When I saw Lucy Boston’s Patchwork of the Crosses the first time, it appealed to me immediately, and the fascination grew when I realized that the blocks were made with only one shape—the 90 degree hexagon—and the blocks are linked with squares.
UPDATE! The hexagons are available in four Inklingo sizes, 0.5 inch, 0.75 inch, 1 inch, 1.5 inch, shown on the Main Lucy Boston Page.
There is a size comparison in a PDF at the bottom of the page.
There are several one-patch layouts in Electric Quilt, but this is not one of them, so we decided to prepare it for you.
This new Electric Quilt project file includes the traditional POTC block with 24 hexagons. I also included three other variations with fewer hexagons.
There are several more EQ7 Project Files free to download from this blog too (EQ tab above).
Kathy Timmons was inspired by Lucy Boston too and she has created many beautiful blocks with Inklingo (see more). Just like Lucy Boston, she is an artist with fabric.
She fussy custs many of the shapes. (There are tips for fussing cutting and fussy printing on the blog and in my book too.) You can see all of Kathy’s POTC, QD, and other blocks in her albums on Webshots and in the Inklingo Yahoo group.
Traditionally, these hexagons would have been sewn with English Paper Piecing, but Inklingo provides the cutting and stitching lines, so you don’t need templates and you can sew by hand or by machine.
When you use Inklingo to print the shapes on the wrong side of the fabric with an ordinary Inkjet printer, it is faster and simpler.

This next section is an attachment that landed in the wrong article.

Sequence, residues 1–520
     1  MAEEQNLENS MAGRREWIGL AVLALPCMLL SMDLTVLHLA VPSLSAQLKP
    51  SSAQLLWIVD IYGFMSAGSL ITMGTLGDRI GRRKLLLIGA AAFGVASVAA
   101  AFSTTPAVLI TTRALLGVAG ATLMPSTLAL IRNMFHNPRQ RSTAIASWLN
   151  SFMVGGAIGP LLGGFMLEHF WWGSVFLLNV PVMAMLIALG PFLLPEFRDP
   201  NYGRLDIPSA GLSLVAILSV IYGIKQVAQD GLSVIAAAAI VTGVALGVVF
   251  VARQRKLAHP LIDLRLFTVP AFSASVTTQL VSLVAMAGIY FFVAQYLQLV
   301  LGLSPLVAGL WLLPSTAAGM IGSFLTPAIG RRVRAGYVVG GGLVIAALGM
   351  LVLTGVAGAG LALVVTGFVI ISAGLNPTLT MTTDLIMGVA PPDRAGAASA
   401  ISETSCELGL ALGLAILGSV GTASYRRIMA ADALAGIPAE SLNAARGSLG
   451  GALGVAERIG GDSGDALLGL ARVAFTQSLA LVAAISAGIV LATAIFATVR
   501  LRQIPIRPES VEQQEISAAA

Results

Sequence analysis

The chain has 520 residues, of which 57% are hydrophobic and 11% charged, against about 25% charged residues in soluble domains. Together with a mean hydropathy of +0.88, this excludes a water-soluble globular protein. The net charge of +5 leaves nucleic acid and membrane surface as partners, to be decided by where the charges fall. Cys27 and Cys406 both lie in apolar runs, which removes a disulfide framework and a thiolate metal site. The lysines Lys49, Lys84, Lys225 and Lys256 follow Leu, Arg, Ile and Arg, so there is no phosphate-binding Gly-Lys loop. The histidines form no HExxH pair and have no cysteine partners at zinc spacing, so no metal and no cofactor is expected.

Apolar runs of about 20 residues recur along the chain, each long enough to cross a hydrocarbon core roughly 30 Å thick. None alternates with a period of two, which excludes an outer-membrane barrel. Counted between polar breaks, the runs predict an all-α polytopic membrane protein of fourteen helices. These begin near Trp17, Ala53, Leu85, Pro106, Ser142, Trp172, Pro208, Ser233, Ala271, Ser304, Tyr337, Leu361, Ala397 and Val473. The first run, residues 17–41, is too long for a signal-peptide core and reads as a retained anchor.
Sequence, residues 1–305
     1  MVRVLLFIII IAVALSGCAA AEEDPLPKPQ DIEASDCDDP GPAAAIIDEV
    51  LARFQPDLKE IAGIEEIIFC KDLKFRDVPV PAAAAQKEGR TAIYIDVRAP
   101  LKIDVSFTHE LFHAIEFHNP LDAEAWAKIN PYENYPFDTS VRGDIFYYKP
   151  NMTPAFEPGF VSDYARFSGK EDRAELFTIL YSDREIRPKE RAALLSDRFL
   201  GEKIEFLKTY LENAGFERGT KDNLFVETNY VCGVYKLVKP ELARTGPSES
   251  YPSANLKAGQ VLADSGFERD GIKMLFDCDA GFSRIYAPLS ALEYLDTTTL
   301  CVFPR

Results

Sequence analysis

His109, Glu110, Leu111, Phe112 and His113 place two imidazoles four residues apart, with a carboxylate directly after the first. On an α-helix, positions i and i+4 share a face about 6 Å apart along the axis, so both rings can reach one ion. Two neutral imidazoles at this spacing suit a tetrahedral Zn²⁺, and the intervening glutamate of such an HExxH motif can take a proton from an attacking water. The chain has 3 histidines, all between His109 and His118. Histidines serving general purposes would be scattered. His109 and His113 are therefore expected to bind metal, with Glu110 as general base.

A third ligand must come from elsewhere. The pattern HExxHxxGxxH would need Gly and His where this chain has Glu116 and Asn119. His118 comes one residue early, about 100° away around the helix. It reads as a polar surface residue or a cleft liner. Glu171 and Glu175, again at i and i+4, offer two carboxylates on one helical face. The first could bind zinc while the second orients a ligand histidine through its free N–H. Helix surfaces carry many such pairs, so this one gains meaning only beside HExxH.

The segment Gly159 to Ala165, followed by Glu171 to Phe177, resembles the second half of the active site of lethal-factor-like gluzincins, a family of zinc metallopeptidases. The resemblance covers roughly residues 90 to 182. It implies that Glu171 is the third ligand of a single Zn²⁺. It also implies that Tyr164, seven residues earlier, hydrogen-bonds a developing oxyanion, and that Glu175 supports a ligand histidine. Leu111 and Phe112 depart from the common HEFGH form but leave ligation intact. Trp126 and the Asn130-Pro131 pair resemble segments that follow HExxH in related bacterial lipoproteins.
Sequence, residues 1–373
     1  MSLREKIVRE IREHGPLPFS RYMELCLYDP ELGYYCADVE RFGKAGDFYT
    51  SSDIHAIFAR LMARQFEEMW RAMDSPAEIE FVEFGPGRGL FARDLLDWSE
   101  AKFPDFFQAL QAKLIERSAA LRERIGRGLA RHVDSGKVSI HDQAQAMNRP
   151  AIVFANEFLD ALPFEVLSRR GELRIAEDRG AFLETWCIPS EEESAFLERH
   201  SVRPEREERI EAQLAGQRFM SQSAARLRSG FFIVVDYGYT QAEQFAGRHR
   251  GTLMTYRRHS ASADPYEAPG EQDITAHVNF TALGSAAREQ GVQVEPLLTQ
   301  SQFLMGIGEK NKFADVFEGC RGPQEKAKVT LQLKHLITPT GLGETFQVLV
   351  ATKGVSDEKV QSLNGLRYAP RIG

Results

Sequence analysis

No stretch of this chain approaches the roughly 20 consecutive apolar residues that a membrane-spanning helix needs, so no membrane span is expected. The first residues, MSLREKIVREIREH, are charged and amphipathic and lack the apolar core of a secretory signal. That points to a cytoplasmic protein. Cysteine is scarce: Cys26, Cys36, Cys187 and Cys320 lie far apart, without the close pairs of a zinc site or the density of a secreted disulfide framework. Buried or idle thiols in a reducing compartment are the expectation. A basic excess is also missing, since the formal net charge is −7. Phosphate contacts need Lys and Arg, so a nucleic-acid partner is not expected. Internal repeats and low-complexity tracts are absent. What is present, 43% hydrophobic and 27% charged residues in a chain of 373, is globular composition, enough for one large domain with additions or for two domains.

Lucy Boston was famous for her gardens at Hemingford Grey in England.
The Patchwork of the Crosses gives some information about Lucy Boston, but if you would like to know more about her life, her children’s books, her quilts, her ancient manor house (built about 1130), and her famous gardens, you need The Patchworks of Lucy Boston by Diana Boston. It is one of my favorite quilt books even though it doesn’t include any patterns. The story of her life and the photos of her quilts are beautifully presented. The book is full of inspiration for quilts made with simple shapes, and many of them are inklingoable.
The video Introduction to Inklingo explains the three key ideas that make Inklingo work.
Please share my videos on your blogs and Facebook and please tell your friends about Inklingo!
Russ is the gardener here, but he lets me pick the colors. Blue salvia, mauve wave pentunias, and cascading white lobelia will fill the pots on the patio in a few weeks. They are certainly getting enough rain!
Thank you for visiting and for leaving comments for Kathy!
Linda & Monkey
(updated April 2016)
New to Inklingo? Order and download free shapes and start sewing in the next few minutes. Main Beginner’s Page There are triangles, diamonds, and squares in the free collection—great for dozens of different blocks.
$10 Coupon! 9 Year Anniversary Special on the handbook